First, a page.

]. Thus, by actively controlling risk factors for vascular disease, we may be able to effectively prevent the occurrence of cardiovascular disease, and subsequently, the development of MCI.
Cognitive ability and self-care in Alzheimer’s patients have also been found to be associated with quality care [40
]. Gallaway, P.J., et al. have also explored feasible methods to reduce the risk of mild cognitive impairment, Alzheimer’s disease and vascular dementia in the elderly [41
], and Jia, R.X., et al. have also studied the influence of physical exercise on cognitive function in patients with Alzheimer’s disease [42
Together with research on the pathogenesis, early diagnosis, and drug treatment of MCI and AD, research on factors influencing the incidence of MCI and AD, including diet and nutrition, may contribute to interventions for high-risk AD and MCI groups and improved prevention, early detection, early diagnosis, and treatment for AD and MCI. Such research also provides a scientific basis for the establishment of relevant government policies.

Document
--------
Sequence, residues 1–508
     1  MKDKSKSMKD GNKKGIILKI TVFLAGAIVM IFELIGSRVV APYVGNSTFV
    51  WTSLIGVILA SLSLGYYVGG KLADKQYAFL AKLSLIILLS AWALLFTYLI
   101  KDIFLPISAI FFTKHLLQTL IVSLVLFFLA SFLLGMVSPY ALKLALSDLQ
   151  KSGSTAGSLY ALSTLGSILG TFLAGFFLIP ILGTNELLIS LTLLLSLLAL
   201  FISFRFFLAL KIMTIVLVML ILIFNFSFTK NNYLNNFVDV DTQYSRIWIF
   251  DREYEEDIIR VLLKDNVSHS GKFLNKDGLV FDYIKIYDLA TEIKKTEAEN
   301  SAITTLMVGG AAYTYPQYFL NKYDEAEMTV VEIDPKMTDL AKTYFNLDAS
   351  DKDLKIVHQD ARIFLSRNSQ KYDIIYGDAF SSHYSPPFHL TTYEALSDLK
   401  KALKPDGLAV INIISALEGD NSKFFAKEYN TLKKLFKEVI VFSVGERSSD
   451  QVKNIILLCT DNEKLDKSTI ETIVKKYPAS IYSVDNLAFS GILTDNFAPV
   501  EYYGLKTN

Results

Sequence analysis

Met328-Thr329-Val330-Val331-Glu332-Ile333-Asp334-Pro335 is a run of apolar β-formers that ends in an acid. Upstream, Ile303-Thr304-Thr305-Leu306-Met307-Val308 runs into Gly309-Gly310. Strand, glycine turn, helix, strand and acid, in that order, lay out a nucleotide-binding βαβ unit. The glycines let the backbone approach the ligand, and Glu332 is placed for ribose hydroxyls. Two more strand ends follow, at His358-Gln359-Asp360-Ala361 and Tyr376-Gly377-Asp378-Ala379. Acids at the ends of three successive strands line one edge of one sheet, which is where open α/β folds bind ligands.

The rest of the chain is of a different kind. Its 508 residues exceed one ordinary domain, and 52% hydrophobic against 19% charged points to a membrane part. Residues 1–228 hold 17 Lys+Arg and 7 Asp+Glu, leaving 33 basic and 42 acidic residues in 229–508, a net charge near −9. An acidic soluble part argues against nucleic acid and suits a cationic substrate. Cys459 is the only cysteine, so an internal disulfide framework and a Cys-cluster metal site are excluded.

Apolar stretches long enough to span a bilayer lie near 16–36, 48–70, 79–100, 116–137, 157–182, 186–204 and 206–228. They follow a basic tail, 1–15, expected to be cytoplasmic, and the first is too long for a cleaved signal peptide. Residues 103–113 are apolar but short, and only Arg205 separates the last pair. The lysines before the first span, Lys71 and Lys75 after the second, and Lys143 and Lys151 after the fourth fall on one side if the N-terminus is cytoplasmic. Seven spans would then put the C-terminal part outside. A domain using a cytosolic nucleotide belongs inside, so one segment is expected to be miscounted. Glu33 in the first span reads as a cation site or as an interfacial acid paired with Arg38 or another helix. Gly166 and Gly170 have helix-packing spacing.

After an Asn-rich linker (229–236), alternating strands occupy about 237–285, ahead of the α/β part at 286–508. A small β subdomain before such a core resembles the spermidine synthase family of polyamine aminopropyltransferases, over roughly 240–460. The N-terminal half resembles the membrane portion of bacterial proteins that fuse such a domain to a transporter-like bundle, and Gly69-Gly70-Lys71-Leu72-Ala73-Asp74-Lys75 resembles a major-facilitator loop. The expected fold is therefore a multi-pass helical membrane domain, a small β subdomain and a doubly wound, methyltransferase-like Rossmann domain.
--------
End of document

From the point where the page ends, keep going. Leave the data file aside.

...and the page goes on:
5. Strengths and Limitations
This is the first cross-sectional study to analyze the sporadic AD and MCI, as well as the influencing factors in urban and rural elderly people. Our study, conducted in Hubei Province, had a large sample size of the aged over 60 to explore epidemiological characteristics and influencing factors. Moreover, we obtained the prevalence data. The vast majority of AD cases have no known genetic cause, so it is crucial to identify environmental factors associated with the onset and progression of the disease. This study explores the living environment and lifestyle of patients with AD and MCI, combined with published studies to synthesize the risk factors and protective factors that are most likely to affect AD and MCI in older adults.
All of these provide valuable clues for follow-up research and preventive and intervening measures for AD and MCI.
This study also has several limitations (Table 6